We recently watched the somewhat flawed A&E production of ‘Longitude’, the story of John Harrison’s invention of the marine chronometer in 18th century England. In the early 1700s global trade and commerce were exploding along with European conquests of newly discovered lands. The big problem at the time was that it was not possible to accurately determine one’s east/west position or longitude on the globe (north/south or latitude was fairly easy to measure). Because of this, ships, crews, and valuable cargoes were lost, and cross ocean voyages took much longer.
The safest way was called ‘parallel latitude’ sailing in which you picked a safe and feasible latitude to go across the ocean, and then sailed to that latitude while keeping land in sight before heading directly east or west across the ocean. When you got to the other side, you again sailed along the coast until you came to your destination. This method did not permit sailing the shortest distance from point A to point B along the so-called great circle route which connects the two. For that you needed to know your longitude while under way, and for that you needed a very accurate clock. Enter John Harrison (1693-1776) and the Longitude Prize (of about $2.5 million today), and the British government’s Board of Longitude (BoL) that would adjudicate the competition to develop a practical method of obtaining longitude and award the prize.
The invention and adoption of a working marine chronometer was an extremely important objective for Great Britain, as it became the world’s leading maritime nation. Its use had a direct bearing on success in war and success in commerce. Yet it turned out that the BoL through bureaucratic bungling and petty disputes kept jacking Harrison around for almost fifty years before it finally acknowledged that the man had cracked the code on longitude decades before. The BoL never did give its imprimatur and award the prize to Harrison or anyone else. Instead it kept Harrison on the hook through small piecemeal stipends to make clock after clock that it found new reasons not to accept. Meanwhile, ships and men wound up on the rocks.
Very few are the exceptions, and only those projects where enormous amounts of money were needed and no immediate commercial benefit was to be expected. That is, the real benefit came from entrepreneurs who later picked out pieces and built businesses that would make a market for versions that no bureaucrat ever dreamt of (I think they immediately amputate the dream thingy from new bureaucrats so they can perform true to form.)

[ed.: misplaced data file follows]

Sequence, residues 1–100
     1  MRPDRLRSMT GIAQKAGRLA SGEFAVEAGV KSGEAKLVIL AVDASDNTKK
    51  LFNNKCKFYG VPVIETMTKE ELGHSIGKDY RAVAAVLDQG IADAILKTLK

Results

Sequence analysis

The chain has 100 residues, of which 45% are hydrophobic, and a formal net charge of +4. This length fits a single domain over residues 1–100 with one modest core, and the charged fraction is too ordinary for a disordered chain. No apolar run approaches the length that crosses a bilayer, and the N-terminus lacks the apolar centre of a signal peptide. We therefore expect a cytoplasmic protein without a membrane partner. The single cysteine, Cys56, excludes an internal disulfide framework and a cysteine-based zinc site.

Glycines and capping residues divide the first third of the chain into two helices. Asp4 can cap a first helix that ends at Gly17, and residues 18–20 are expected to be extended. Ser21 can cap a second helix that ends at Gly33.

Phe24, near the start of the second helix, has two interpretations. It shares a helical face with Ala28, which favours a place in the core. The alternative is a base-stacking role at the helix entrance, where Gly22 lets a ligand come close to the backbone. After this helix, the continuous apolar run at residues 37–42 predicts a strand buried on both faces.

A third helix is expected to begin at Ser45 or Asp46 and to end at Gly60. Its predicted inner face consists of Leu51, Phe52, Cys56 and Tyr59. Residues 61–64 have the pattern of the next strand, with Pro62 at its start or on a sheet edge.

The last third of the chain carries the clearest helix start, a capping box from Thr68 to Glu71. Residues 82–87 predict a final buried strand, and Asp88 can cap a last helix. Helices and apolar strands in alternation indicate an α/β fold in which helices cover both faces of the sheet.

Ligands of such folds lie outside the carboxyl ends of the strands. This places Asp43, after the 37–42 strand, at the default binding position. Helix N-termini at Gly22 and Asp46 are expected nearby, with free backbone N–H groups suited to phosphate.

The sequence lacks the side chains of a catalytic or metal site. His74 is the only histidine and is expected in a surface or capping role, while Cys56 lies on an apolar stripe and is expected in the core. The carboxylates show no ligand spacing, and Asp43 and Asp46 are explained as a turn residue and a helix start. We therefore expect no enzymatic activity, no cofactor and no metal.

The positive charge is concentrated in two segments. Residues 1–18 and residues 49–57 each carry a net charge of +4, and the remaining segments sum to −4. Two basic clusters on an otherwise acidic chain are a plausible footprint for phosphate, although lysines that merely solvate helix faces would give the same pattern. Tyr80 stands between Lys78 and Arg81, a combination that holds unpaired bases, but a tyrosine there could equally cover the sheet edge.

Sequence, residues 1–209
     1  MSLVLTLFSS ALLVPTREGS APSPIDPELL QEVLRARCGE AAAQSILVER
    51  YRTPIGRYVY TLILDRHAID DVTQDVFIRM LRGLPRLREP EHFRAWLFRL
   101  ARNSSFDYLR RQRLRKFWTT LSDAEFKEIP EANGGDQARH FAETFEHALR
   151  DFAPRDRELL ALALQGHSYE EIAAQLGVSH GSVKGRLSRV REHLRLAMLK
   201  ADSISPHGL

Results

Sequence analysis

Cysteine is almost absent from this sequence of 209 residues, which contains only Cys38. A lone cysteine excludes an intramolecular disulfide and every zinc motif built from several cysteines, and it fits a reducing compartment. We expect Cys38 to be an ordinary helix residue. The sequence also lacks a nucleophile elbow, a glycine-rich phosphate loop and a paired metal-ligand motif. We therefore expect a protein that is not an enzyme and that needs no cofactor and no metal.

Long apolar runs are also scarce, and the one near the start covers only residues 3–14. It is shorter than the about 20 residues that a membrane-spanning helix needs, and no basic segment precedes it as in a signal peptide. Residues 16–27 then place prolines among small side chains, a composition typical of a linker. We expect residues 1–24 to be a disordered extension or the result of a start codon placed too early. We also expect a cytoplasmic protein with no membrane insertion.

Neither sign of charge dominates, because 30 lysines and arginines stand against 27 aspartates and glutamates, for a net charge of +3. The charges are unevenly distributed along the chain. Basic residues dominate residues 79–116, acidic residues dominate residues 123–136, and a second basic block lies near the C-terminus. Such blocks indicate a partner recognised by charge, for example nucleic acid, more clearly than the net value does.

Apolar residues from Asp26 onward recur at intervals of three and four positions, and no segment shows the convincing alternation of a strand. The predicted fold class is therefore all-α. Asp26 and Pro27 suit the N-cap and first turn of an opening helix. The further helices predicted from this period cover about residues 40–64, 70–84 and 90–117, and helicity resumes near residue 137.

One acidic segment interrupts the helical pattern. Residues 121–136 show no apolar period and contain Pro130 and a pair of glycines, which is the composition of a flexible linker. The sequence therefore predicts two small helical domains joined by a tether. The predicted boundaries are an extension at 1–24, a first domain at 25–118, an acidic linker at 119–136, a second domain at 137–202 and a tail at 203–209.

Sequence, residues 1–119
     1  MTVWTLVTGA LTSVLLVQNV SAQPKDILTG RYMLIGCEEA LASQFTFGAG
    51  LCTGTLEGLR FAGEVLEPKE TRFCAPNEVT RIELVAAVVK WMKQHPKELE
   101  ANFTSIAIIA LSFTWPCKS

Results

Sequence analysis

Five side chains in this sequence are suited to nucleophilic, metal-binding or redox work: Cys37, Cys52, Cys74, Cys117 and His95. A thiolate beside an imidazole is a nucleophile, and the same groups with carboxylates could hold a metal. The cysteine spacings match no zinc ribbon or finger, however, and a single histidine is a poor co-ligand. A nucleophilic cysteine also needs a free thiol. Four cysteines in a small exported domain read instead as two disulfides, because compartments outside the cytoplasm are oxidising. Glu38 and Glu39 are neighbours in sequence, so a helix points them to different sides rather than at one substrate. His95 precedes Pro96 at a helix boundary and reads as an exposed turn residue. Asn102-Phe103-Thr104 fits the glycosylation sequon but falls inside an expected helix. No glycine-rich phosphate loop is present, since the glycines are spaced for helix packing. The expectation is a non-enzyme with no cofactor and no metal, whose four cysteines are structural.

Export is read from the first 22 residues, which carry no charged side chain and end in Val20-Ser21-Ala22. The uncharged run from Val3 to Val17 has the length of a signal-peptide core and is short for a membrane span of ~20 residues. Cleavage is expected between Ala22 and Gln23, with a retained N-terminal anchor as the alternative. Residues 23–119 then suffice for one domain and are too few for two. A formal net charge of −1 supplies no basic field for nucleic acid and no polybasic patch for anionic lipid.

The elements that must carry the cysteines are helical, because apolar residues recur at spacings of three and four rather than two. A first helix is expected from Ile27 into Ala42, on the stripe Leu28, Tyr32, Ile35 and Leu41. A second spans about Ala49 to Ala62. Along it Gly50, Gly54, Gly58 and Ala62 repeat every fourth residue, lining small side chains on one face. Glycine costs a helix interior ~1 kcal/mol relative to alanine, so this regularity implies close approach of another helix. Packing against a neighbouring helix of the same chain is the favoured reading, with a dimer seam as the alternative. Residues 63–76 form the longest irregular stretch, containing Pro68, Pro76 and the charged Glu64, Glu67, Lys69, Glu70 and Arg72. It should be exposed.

Governments, when they subsequently involve themselves, also serve to slow down further innovation. That comes about when the corrupt dirtbags are successfully lobbied by the first-in capitalists to create new laws and regulations that prevent more efficient and innovative competitive businesses from succeeding. Examples are legion, but the Ma Bell telephone history comes to mind. An even more humor-through-tears history attends America’s development of the airplane for military and commercial uses. Government stood in the way at every turn, and it had to be in response to our enemies that we finally became world leaders in the aircraft industry during the second half of the last century in spite of the fact that it was Wilbur and Orville who first flew in 1903.
Today we can say that every additional bureau, commission, board, … the government creates is another net impediment to how we conduct our lives, manage our property, and exercise our liberties. Bureaucratic inflation went on steroids in the 1930s with FDR’s New Deal, it expanded ever more with Lyndon’s Great Society in the 1960s, and today it has gone ballistic beyond imagination with Obama’s Fundamental Transformation to Socialism. In his first 18 months he has done more damage to the Republic than anyone could conceive. Today more than half of Americans are ready to accept that all monies earned belong first to the government (i.e. and eventually to them), and it should be the government, at its pleasure, that determines who gets to keep how much of what. Property ownership has already been turned on its head – remember, you own something only to the extent that you can dispose of it as you wish. Bastiat’s Triangle predicts the result to our liberties, and those sadly are disappearing in lockstep with our property and security.